Martin Parkinson

Letters to the editor - on behalf of Transport 2000 *

Oh no! What shall we doooo ...

Planning 19th August 2005

Your editorial on climate change was very welcome (Planning 12th August). We now seem to have reached a stage in public debate where everyone is standing around wringing their hands saying 'we really must do something - but what can we do?'

An important step would be to grasp the nettle of traffic growth. In the UK, transport accounts for about 25 per cent of our greenhouse gas emissions, yet we continue to build new roads and expand airport capacity while equivocating on public transport. It is a myth that transport growth is inseparable from economic growth (the Governments own Standing Advisory Committee on Trunk Roads has stated this plainly) yet high volume roads and nearby airports have a very real and negative impact on quality of life. When the contribution to climate change is taken into account there really is no excuse.


Shared Space

New scientist 20th August 2005

Your interview with Claes Tingvall (30 July, p44)was very interesting but his approach to road safety is ultimately conventional: he puts his faith in more technology and accepts the dogma that motor vehicles have become an essential human prosthesis.

Tingvall thinks we should "design our towns and cities in ways that don't maximise contact between human and car". This fine aspiration could easily be misinterpreted by planners as a good reason for making every city look like Los Angeles in the name of safety. Separating drivers from walkers and cyclists is, in practice, usually accompanied by giving priority to the motor traffic: it is assumed that if you have important business then you will be driving.

There is an apparently paradoxical relationship between perception of risk and safety (see for example the work of Professor John Adams at UCL):when we feel unsafe we behave more cautiously and so become safe. For this reason some urban planners have started experimenting with deliberately mixing types of traffic: in the right circumstances this can reduce accidents and give cities back to humans who don't have vehicular armour.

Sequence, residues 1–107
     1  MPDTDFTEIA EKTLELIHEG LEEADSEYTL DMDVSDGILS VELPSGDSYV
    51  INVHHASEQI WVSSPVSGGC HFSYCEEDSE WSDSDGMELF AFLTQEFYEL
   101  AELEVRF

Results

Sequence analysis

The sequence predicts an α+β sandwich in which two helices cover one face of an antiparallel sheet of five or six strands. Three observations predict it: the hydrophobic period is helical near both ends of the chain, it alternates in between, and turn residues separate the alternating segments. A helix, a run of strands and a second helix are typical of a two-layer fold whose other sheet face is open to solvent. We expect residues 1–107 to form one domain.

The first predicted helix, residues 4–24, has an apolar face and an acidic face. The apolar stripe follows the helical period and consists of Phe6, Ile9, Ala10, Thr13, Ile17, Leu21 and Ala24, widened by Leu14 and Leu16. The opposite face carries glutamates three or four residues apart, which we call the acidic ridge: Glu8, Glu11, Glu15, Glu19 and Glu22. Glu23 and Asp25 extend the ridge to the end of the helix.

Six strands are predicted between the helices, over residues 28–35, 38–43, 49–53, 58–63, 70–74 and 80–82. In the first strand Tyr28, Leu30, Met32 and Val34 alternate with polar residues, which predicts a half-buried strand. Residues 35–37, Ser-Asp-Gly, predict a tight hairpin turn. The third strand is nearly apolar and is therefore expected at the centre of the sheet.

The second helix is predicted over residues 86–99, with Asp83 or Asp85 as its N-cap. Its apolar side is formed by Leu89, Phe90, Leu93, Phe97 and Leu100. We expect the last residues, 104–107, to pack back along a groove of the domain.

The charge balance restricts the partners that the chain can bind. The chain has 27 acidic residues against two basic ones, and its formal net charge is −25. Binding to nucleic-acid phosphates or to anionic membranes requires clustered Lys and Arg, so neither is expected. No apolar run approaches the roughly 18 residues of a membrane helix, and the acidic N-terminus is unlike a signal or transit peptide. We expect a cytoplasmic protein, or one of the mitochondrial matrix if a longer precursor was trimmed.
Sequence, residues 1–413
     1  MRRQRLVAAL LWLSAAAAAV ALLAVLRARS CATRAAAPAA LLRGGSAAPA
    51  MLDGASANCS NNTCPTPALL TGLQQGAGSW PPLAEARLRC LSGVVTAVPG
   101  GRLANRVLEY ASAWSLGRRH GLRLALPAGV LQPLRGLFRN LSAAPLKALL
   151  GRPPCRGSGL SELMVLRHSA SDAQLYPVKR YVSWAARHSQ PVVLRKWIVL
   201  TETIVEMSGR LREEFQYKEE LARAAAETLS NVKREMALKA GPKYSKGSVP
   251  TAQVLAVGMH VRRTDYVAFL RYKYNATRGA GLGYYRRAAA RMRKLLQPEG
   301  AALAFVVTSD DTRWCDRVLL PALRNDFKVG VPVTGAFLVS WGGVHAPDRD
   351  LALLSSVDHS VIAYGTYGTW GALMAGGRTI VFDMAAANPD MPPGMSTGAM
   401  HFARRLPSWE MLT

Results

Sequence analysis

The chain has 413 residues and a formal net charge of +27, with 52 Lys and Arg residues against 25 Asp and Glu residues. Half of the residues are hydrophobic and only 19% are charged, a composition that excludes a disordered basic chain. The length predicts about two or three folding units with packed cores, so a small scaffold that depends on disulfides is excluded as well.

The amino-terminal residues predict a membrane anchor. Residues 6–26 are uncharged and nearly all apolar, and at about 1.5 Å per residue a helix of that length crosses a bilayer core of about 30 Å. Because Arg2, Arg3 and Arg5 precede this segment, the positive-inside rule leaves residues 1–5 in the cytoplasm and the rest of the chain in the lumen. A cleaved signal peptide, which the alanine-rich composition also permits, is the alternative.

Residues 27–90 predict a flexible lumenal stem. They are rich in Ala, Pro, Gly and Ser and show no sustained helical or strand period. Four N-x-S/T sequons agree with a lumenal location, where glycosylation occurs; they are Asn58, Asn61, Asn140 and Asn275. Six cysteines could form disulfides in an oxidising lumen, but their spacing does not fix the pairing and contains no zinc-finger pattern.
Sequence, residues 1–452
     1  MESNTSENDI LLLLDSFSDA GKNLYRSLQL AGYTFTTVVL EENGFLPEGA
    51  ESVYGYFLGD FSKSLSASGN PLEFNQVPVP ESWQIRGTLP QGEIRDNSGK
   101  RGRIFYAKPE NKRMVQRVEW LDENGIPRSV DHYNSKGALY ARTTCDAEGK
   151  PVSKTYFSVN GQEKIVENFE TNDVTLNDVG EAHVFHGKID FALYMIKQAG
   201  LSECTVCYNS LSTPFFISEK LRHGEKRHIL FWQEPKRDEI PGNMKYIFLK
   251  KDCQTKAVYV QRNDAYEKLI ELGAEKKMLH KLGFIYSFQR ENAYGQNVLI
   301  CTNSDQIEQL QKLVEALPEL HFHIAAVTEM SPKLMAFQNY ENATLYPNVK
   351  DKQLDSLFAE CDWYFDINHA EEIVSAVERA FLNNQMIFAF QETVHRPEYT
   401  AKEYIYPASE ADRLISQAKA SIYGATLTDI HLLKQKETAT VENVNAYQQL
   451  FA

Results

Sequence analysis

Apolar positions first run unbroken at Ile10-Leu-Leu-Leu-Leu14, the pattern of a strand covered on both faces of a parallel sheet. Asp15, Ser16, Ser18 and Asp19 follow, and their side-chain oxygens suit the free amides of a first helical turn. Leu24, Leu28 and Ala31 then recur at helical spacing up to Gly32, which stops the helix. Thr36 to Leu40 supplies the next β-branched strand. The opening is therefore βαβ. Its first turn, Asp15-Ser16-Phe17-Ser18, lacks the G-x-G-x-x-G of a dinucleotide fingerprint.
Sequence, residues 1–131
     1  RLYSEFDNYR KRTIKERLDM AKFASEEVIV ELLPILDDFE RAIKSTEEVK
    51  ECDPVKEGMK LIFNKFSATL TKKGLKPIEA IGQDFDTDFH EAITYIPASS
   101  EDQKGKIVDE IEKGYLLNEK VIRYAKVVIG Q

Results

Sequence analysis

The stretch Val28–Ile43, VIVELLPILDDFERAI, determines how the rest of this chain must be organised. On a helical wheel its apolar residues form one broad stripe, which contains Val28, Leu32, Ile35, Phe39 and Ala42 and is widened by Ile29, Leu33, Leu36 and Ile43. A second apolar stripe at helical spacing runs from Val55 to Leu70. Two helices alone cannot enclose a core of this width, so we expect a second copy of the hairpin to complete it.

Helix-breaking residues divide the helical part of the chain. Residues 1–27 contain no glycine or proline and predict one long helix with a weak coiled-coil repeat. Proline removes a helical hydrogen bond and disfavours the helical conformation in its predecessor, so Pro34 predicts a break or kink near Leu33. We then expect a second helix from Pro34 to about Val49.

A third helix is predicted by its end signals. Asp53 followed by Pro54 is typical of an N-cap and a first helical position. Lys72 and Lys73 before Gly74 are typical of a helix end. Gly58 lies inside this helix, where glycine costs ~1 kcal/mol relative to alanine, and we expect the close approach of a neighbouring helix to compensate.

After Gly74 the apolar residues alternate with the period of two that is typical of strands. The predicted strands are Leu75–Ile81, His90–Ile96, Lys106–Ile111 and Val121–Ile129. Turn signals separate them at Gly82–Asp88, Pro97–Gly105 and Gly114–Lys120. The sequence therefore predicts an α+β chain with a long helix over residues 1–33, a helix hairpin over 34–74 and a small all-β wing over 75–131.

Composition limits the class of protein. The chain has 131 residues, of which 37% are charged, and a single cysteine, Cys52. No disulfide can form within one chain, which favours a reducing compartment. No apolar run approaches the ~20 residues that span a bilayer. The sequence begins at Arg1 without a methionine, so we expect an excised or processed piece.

Beat the oil price rise!

The Independent 11th August 2005

You report that "British motorists are spending an extra 7.5m a day on fuel" (The Oil Crisis, 9 August 2005). The recently published National travel survey for 2004 found that around a quarter of all car journeys are under 2 miles so an easy personal way to ease the pain is to drive a bit less. An increase in oil prices might enforce a bit of reality in transport planning which until now has assumed an infinite supply of cheap fuel.


Retail vitality

Liverpool Daily Post 14th July 2005

Larry Neild's article (Anti-car attitude would be 'suicidal' for city centre, 12 July 2005) doesn't tell the whole story. He quotes Peter Stoney, a Liverpool University economist, who objects to a proposal to 'cap' the number of parking spaces in Liverpool city centre because he believes this will deter shoppers. This may seem like common sense to an economist but many other social scientists would disagree. According to John Whitelegg, a visiting Professor of Transport at Liverpool John Moores: "There is no evidence at all that providing more parking spaces in a town centre will improve retail viability or attract more shoppers".

When studies are actually made of the relation between traffic levels and shopping behaviour, (as opposed to merely asking retailers or economists what they expect), there turns out to be little or no relation between 'retail vitality' and amount of parking space. In one case (Leicester, in 1992) an increase in traffic correlated with a decrease in occupied shopping units. Surely it is common sense that the pleasantness of a town centre acts as an encouragement to shoppers, and that too many cars can act as a deterrent?

Yours etc


copyright 2002-2005 Martin Parkinson, all rights reserved; moral rights asserted.